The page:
Well-Mannered Drive

The Suzuki Splash is powered by the proven four-cylinder 1.2-litre engine found in the entry-level Swift which offers 63 kW of power and 113 Nm of torque. A five speed transmission is standard across the Splash range but a 4-speed automatic is also available for the GL model.

Acceleration is far from blistering, but for a car this size, weighing 1090 kg, those power figures are more than enough to go about your daily commute with ease. Better still, the ride is smooth and the handling is nimble around the bends. Highway driving is a breeze in the Suzuki Splash and it feels particularly responsive when you need to push on or overtake. The Suzuki Splash is therefore an excellent urban runabout that’s up to the task of niftily navigating busy city roads and highways.

The only gripe I have in terms of driving the Suzuki Splash, is the transmission. The dash-mounted gear lever is stubborn through the gear changes and requires some grappling to select the preferred gear. Other than that, the Splash was a pleasure to drive.

Fuel consumption for the Suzuki Splash manual is claimed to be 5.6L/100km on the combined cycle. In our time with the Splash, 6L/100km was easily achieved making it a relatively economical vehicle to own.

Suzuki Splash - Verdict

Overall, the Suzuki Splash is a good choice to consider in this segment. The engine performs well and returns decent fuel economy and the good ride and handling makes the Splash easy and enjoyable to drive on a daily basis. The Splash comes well specced, particularly in GL trim, and for the money, you're getting a decent product. If you can look past the cheap switchgear and stubborn transmission, then the Splash is a winner.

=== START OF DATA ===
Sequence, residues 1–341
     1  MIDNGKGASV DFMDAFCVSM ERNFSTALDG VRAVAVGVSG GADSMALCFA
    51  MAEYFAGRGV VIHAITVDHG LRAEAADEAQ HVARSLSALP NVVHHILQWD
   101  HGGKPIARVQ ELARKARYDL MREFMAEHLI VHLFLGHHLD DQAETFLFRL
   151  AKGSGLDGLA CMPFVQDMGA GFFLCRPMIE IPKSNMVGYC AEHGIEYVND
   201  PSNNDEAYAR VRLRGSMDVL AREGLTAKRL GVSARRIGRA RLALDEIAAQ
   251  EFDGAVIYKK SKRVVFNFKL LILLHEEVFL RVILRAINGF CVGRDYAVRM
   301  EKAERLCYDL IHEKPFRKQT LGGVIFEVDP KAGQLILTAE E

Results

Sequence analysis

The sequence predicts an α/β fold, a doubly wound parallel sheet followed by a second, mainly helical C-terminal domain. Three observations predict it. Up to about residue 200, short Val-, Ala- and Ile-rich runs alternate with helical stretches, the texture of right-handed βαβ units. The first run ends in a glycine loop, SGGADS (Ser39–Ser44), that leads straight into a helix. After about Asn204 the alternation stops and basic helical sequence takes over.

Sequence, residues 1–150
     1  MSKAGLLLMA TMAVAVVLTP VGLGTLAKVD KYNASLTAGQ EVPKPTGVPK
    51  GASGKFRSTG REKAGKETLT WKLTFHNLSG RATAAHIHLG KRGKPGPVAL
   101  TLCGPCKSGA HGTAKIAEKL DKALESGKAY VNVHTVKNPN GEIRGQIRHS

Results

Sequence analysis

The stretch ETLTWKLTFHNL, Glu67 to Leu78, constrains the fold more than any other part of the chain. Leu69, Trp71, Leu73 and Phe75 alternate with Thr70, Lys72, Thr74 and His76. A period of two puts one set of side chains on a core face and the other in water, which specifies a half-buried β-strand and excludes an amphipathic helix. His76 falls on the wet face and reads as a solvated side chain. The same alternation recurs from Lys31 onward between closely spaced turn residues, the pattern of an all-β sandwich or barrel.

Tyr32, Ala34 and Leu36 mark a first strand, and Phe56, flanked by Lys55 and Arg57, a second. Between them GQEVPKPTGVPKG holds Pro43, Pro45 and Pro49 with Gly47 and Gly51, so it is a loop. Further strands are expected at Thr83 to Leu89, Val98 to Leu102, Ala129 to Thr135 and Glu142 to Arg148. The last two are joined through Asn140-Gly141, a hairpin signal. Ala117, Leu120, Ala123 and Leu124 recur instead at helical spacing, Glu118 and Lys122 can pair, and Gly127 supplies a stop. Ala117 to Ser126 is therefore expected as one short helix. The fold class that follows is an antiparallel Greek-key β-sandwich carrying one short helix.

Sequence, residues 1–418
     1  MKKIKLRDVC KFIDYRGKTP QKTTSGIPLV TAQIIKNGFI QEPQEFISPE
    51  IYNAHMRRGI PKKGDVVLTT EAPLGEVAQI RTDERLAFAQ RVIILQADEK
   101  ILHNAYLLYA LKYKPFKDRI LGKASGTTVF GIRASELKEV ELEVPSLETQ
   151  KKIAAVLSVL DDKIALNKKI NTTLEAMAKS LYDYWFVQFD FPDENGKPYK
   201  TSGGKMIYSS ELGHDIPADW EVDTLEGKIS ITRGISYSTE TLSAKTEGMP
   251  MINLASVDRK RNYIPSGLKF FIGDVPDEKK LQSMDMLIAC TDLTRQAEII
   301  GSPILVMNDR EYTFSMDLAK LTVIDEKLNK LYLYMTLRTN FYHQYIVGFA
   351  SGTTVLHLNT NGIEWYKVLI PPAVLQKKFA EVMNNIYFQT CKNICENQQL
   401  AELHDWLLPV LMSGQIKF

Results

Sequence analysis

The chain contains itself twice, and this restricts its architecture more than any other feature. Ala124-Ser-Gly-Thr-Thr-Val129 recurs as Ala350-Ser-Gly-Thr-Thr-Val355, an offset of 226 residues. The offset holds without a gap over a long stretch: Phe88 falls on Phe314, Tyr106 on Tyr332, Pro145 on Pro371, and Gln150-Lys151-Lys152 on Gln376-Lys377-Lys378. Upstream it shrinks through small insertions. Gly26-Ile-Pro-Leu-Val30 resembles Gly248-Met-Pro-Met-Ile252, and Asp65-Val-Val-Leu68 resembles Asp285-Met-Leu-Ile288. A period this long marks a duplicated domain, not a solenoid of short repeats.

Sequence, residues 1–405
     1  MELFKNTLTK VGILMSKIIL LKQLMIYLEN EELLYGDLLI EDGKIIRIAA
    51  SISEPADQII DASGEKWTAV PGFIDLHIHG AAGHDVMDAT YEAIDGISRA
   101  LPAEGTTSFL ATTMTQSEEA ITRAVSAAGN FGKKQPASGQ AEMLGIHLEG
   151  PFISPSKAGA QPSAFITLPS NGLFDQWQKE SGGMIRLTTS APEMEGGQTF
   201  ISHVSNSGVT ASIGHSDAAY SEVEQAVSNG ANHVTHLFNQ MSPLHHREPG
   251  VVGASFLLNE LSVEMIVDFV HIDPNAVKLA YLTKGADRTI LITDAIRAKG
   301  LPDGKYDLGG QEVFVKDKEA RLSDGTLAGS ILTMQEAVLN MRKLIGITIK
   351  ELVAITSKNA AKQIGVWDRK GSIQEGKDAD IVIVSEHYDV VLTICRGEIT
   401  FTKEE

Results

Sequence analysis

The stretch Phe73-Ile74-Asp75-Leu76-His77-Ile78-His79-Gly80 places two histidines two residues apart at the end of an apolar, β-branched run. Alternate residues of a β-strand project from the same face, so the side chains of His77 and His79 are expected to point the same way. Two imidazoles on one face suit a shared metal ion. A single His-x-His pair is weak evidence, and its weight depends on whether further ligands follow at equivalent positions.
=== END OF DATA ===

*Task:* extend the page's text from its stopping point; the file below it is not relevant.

If you don't fancy the Splash, then the Swift 1.2 GL offers excellent value with a more attractive interior and smoother transmission, all for a few extra pennies.

Compare the Suzuki Splash with its competitors

Second Opinion

Suzuki has a raft of small car offerings within about R30k of each other, the best of which by far is the Swift. The Splash though is a solid little runabout and if your budget won't quite reach to the Swift then it's a viable option. The engine is bulletproof and its quite spacious inside in a mini MPV kind of way. -Ashley Oldfield

Suzuki Splash Price in South Africa

This Suzuki Splash 1.2 GL manual is priced at R134 900. The automatic version will set you back R149 900 and the base model Splash manual is priced at R124 900. A 2-year / 30 000 km service is plan is standard along with a 3-year / 100 000 km warranty.

We Like: . Cute styling . Good engine . Low fuel consumption . Good ride and handling

We Don't Like: . Stubborn transmission . Cheap switchgear . Periscope tachometer

Also Consider: Renault Sandero Hyundai i10 Honda Brio

Suzuki Splash 1.2 GL Quick Specs

Engine 1.2-litre, four-cylinder
Power 63 kW @ 6000 rpm
Torque 113 @ 4 500 rpm
Transmission Five-speed manual
Wheels 14-inch steel rims with wheel covers
0-100km/h 12.3 seconds (claimed)
Top Speed 160 kph
Fuel Economy 5.6-litres / 100km (claimed)
Fuel Tank Capacity 43 Litres